MISC:   ride tomorrow 10 -13 posted by: rickey on 10/13/2001 at 10:01:03 PM
come ride tomorrow take I-85 TO VALLEY LANETTE EXIT south on hwy 29 valley to knowles bicycle shop 10am-11am bring your own bike let's ride

MISC:   ride tomorrow 10 -13 posted by: rickey on 10/13/2001 at 10:01:03 PM
come ride tomorrow take I-85 TO VALLEY LANETTE EXIT south on hwy 29 valley to knowles bicycle shop 10am-11am bring your own bike lets ridehttp://attach5.groups.yahoo.com/v1/0FnHO0Cf-Pwh1_UoJqtfk5s12yhCe-P9iSSFvnzRkDApt2V_ydRXxNVySjsmANePETZOKSPkM6hDATl9GnbgWv5H0y6iNqCVauHBS8dn4jA_xuJC/froggy%281%29.jpg

   RE:MISC:   ride tomorrow 10 -13 posted by rickey on 10/13/2001 at 10:15:29 PM
duh muck up hummmmmmmmmmmmmmmmmmmmmmmmmmmm

AGE / VALUE:   Oxidized Tourist paint posted by: ChristopherRobin2@starmail.com on 10/13/2001 at 6:33:27 PM
Some kind of overcoating to keep the thing from getting all oxidized would have been nice. It's not like these companies didn't have labs and study and know all about paints/ topcoats.

   RE:AGE / VALUE:   Oxidized Tourist paint posted by Fred on 10/14/2001 at 1:43:35 AM
Its called clearcoat Chris. It isn't impervious to the elements but does extend the appearance life of the base coat many years. It would have been great if it had been around earlier. Of course powder coat is best but it limits design creativity and is expensive.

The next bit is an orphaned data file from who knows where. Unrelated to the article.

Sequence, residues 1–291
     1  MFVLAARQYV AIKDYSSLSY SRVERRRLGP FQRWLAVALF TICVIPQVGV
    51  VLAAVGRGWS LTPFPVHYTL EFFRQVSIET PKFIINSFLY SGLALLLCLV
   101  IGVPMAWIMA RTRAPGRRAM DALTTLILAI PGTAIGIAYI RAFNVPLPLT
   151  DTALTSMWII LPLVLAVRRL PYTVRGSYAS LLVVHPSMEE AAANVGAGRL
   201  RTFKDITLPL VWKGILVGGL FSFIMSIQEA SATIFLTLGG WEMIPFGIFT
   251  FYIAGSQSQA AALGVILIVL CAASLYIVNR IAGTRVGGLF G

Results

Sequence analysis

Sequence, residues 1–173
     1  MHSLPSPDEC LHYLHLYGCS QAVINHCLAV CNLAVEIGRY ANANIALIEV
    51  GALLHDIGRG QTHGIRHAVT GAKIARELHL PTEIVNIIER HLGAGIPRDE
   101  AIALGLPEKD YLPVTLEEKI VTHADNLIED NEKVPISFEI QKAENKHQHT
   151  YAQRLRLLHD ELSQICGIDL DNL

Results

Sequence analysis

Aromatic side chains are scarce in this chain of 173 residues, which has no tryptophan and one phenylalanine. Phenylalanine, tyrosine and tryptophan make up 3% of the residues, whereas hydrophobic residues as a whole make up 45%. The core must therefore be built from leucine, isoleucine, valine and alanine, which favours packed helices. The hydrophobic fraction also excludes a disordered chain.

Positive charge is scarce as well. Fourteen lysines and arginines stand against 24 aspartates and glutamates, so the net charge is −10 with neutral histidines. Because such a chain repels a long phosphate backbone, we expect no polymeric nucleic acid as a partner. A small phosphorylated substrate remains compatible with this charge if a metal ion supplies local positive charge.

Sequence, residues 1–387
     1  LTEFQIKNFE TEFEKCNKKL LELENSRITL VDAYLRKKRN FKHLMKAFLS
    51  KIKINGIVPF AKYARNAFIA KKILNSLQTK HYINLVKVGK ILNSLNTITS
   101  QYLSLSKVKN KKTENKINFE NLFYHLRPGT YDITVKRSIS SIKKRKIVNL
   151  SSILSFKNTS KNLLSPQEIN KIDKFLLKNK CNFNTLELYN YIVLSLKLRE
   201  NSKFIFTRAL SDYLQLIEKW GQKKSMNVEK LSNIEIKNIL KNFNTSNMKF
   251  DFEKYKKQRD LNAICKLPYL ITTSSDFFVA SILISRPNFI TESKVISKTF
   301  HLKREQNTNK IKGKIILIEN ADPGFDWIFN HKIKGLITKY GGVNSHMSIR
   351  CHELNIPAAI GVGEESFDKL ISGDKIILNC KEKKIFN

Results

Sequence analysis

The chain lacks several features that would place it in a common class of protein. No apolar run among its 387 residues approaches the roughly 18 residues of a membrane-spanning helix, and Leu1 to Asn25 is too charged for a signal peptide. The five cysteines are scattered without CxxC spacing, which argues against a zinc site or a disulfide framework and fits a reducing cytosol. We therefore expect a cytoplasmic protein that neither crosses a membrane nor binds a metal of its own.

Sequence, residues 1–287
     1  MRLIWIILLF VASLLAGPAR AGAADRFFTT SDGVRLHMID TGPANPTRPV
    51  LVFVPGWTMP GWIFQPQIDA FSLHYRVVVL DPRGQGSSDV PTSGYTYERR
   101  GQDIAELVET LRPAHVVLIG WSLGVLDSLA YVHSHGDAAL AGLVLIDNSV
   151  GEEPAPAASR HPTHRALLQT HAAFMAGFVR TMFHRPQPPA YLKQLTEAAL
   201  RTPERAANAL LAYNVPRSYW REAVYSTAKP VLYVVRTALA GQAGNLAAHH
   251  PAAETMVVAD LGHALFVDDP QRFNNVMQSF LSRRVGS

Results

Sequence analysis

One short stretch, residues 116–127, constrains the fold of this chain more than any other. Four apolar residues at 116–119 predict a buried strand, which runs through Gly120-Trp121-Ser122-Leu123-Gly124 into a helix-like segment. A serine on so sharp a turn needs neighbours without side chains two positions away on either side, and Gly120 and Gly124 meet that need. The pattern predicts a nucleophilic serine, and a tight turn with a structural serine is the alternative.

RE:RE:AGE / VALUE:   Oxidized Tourist paint posted by ChristopherRobin2@starmail.com on 10/14/2001 at 6:06:00 PM
When did clear coat come on the scene? Did they have it in 1980? This D.L.1. is all oxidized. Perhaps they had it available and just didn't use it.

   RE:RE:RE:AGE / VALUE:   Oxidized Tourist paint posted by ChristopherRobin2@starmail.com on 10/14/2001 at 6:10:33 PM
My 1987 green D.L.1. had the powder coat finish and it was terrible. It was too thick and personally I don't care for it.

   RE:AGE / VALUE:   Oxidized Tourist paint posted by Stacey on 10/14/2001 at 7:25:53 PM
Christopher, methinks that a lot of the early paints were laquer based, hence more prone to oxidation than the more modern enamels which, while the will still oxidize, do so less quickly.

Here's a little "It worked for me"... My partner has an early '50s vintage Schwinn balooner (blue w/white trim) this beasty was gnarly looking. The gloss level of the paint was non-existant! It looked like it was painted with tempra paint! After a good bath & degreasing, allowing a week to dry (Mainly because I didn't feel like working on HER bike, mine needed attention to) I gave it a through application of Chrome Polish, yep just like you'd use on the rims! A cup of coffe & two cigarettes later the polish was dry, a quick wipe down and buff, again just like the rims and Viola!... all the dead paint was gone. Follow up with a good waxing and all signs of sick, oxidized paint were gone. Now, this fifty year old behomoth looks years younger! I could make up a whole bunch of technical sounding mumbo jumbo as to why I used chrome polish instead of polishing coumpound based on grit & cut and all that stuff, truth be told... I had it, I used it, it worked.

I even used it over the decal on the seat tube with no damage. However, (Disclaimer time) "YOUR RESULTS MAY VARY!"

In the wind,

   RE:AGE / VALUE:   Oxidized Tourist paint posted by Fred on 10/15/2001 at 5:01:16 AM